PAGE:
High-resolution micro-CT scanning has shown that an Egyptian mummy thought to be a bird is really a stillborn human baby, a surprising discovery that's providing a rare glimpse into the complex cultural practices that existed some 2100 years ago.
Definitely not a bird: Micro-CT scan shows the mummified stillborn human baby. Image: Maidstone Museum UK/Nikon Metrology UK
For the Western University anthropologists who analysed the mummy, it's a fascinating glimpse into ancient Egypt, but for the family who endured this loss, it was a heart-wrenching tragedy - so much so that the family took the time to wrap the stillborn baby in cloth and place the remains inside a small coffin for posterity.
But had it not been for the CT scan in 2016 of a 2300-year-old mummy known as Ta-Kush, the discovery of this stillborn baby would likely not have happened.
While working on Ta-Kush, curators at the Maidstone Museum decided to scan a bunch of other artefacts, including a strange, tiny coffin labelled, "A mummified hawk with linen and cartonnage, Ptolemaic period (323 BC - 30 BC)."
To their surprise, the scans did not reveal a bird, but instead the distinct outlines of a premature human baby.
When it comes to visual detail, CT scans are good but not great, prompting Western University anthropologist Andrew Nelson to take a closer look using high-resolution micro-CT scanning.
Opening the coffin and handling the remains was not considered an option, given the fragile state of the mummy, but micro-CT scans are the next best thing, as they allow scientists to zoom in and out of solid objects.
The updated analysis was recently presented at the Extraordinary World Congress on Mummy Studies in the Canary Islands, and the new scans are considered the highest-resolution images ever taken of a mummified Egyptian foetus.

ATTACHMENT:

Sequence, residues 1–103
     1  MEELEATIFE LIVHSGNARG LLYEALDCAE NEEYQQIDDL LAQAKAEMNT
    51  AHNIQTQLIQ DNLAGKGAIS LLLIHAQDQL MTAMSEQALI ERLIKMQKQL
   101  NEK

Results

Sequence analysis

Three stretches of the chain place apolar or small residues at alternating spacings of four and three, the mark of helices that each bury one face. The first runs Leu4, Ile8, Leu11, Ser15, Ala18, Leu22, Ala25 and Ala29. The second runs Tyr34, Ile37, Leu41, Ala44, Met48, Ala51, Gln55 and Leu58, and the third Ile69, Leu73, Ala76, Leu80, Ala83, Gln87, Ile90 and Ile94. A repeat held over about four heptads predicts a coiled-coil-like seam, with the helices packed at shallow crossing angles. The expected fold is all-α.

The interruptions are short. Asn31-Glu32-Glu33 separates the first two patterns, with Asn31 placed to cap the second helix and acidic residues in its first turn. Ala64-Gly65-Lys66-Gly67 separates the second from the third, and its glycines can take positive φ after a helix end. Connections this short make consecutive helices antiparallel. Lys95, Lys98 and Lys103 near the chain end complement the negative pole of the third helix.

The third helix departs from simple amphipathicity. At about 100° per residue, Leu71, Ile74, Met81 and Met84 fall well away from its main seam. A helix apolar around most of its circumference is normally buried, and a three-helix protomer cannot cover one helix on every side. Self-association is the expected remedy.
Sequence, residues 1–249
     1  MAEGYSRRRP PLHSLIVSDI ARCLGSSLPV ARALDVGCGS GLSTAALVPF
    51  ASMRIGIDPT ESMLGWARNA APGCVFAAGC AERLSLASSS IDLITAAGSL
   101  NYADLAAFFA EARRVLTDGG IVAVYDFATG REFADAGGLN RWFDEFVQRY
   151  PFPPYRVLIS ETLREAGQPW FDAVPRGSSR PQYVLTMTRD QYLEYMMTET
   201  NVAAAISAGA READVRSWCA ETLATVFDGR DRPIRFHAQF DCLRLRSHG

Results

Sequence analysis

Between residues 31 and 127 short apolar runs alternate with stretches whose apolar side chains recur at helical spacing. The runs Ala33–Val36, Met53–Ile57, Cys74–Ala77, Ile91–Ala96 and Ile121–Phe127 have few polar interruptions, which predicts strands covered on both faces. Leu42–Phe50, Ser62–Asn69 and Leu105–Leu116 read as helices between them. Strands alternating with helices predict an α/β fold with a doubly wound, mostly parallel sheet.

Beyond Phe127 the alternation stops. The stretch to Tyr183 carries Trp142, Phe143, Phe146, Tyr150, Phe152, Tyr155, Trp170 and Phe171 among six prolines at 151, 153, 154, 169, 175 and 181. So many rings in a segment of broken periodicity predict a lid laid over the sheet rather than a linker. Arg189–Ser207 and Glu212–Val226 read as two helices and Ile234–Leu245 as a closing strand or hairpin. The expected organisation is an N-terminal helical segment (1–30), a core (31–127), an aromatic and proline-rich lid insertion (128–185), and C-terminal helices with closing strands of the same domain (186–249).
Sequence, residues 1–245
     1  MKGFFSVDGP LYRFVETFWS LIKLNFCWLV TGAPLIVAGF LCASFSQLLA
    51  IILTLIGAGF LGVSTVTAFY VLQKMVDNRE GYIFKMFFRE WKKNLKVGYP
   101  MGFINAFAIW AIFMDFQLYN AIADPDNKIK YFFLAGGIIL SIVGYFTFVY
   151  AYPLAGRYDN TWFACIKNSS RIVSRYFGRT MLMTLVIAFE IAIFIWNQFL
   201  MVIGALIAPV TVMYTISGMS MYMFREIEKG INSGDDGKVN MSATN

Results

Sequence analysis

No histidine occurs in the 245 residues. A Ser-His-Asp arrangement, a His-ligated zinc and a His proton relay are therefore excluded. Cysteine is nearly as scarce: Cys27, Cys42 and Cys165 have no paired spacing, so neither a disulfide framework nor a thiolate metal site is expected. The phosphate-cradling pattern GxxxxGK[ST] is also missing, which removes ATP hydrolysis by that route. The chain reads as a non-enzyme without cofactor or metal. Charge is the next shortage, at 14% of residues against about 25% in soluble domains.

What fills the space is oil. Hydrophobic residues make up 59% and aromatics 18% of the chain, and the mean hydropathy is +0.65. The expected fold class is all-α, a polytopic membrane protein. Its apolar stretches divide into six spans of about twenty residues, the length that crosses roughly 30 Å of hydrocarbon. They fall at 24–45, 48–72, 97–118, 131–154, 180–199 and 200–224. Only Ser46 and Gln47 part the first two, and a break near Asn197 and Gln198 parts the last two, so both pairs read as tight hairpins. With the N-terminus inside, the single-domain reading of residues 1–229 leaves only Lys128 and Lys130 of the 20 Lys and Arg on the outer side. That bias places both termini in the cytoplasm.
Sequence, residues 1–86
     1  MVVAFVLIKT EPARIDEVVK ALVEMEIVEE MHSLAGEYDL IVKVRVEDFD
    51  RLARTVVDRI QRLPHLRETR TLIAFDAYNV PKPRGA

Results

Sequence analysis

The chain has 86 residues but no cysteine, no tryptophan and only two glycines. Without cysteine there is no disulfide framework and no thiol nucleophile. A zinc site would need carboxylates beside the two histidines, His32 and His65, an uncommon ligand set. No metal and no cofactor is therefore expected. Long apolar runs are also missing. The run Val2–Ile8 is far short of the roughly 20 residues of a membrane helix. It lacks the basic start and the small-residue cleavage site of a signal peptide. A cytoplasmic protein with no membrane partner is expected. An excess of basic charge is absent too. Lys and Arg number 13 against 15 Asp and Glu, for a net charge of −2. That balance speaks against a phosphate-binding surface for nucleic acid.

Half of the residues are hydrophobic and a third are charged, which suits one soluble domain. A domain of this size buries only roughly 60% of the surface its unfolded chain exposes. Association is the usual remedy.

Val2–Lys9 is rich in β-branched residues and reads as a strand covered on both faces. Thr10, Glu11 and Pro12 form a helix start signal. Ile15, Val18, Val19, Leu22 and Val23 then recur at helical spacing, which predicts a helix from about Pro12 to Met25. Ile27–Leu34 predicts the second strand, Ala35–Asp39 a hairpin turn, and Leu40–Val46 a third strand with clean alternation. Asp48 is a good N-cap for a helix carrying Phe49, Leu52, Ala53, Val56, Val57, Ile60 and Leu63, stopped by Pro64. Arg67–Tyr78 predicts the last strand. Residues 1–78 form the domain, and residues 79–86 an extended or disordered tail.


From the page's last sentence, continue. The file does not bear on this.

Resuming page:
The preliminary analysis done in 2016 suggested the baby was stillborn, but not much was known outside of that. Nelson and his team of interdisciplinary experts identified the baby as a male who was between 23 to 28 weeks of gestation at the time of miscarriage, and not 20 weeks as previously suggested.
What's more, the foetus suffered from a severe form of anencephaly, a condition in which the brain and skull fail to develop normally.
Its fingers and toes had formed normally, but the skull was in bad shape. The upper portion of the skull hadn't developed, the arches in its vertebrae hadn't closed, and its ear bones were located at the back of its head. The foetus also lacked bones to form the broad roof and sides of the skull.
"In this individual, this part of the [skull] never formed and there probably was no real brain," said Nelson in a press release.
Such finds are rare, as only a half dozen mummified Egyptian stillborn babies are known to exist. It's also one of only two known anencephalic mummies, the other one having been discovered back in the early 19th century.
For scientists, the question now is why this family took the extra time, energy and effort to mummify a miscarried baby.
"As an anthropologist I'm interested in what that means culturally," Nelson said in an interview accompanying the press release. "But certainly fetuses had a role in magic in ancient Egypt, and so there may have been an aspect of that in play here. It would have been a tragic moment for the family to lose their infant and to give birth to a very strange-looking foetus, not a normal-looking foetus at all. So this was a very special individual."
And for archaeologists, this study imparts an important lesson: Don't always believe the label.